May 05, 2008

Tribute at the FAITA awards

One highlight at the 16th annual First Americans in the Arts (FAITA) ceremony was a video tribute to three actors who died recently: Julius "Josh" Drum (Thunderheart), Billy Day Dodge (Dr. Quinn), and Floyd Red Crow Westerman (Dances with Wolves).

Charlie Hill continued the tribute to Westerman, saying he'd remember his old friend asLakota Man
Guitar Man
Family Man
Fighting Man
AIMster Man
Powwow Man
Angry Man
Laughing Man
Loving Man
Giving Man
Grumpy Man
Soul Man
Dancing Man
Peaceful Man
Ladies' Man
Holy Man
Horny Man
Music Man
Fried Bread Man
Country Man
Hill added several remarks about Westerman, among them:He loved coming here [to the FAITA ceremonies], 'cuz he loved his people, and he loved all people. Not just the Indians. He loved everybody, and he made everybody feel included. And he opened the doors to all the performers you see here tonight.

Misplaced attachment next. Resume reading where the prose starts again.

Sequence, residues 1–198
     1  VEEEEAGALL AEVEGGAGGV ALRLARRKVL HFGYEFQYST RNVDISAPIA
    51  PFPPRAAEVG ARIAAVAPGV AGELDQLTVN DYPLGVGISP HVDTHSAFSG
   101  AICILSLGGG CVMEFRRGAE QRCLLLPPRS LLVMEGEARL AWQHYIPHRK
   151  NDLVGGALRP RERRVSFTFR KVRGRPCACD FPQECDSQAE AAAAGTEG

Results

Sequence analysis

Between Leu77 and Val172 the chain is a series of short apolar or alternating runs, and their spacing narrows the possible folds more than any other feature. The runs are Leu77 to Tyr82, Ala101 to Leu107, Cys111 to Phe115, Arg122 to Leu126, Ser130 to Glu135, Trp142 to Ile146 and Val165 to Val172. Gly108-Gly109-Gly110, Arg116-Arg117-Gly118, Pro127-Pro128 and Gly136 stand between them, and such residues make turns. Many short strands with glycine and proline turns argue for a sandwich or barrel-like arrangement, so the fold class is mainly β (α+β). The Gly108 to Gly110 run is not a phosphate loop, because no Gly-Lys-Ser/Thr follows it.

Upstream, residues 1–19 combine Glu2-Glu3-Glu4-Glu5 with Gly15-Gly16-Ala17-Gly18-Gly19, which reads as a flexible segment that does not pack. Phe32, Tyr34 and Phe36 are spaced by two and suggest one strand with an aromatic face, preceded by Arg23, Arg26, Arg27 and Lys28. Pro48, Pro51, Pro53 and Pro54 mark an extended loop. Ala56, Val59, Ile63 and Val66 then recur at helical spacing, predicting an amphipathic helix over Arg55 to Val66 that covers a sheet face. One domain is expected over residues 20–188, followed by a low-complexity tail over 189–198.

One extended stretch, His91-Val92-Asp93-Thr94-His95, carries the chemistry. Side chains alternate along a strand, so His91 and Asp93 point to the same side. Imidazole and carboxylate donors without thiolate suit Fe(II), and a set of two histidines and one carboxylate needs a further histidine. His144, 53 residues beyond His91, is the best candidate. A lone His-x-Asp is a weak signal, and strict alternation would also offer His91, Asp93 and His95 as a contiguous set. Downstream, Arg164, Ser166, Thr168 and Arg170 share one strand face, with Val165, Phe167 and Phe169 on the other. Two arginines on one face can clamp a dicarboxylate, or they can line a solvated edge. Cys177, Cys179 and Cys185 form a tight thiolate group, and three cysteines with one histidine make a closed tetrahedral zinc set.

Floyd Westerman took me on the road for 30 years. ... Me and Floyd were Harold and Kumar before there was Harold and Kumar.

Floyd was a giant. He was the greatest Indian ambassador ever.
Hill pointed to a guitar that had been set up on the stage:It's like he said in the clip: "You might know me from the movies. That's what I do." But you know what...this guitar? He says, "This is what I am."

So I want to ask all of you, for these three warriors that fell, that stood up for all of us, to stand one more time and give them their final standing ovation.
Comment:  For more on the subject, see First Americans in the Arts.

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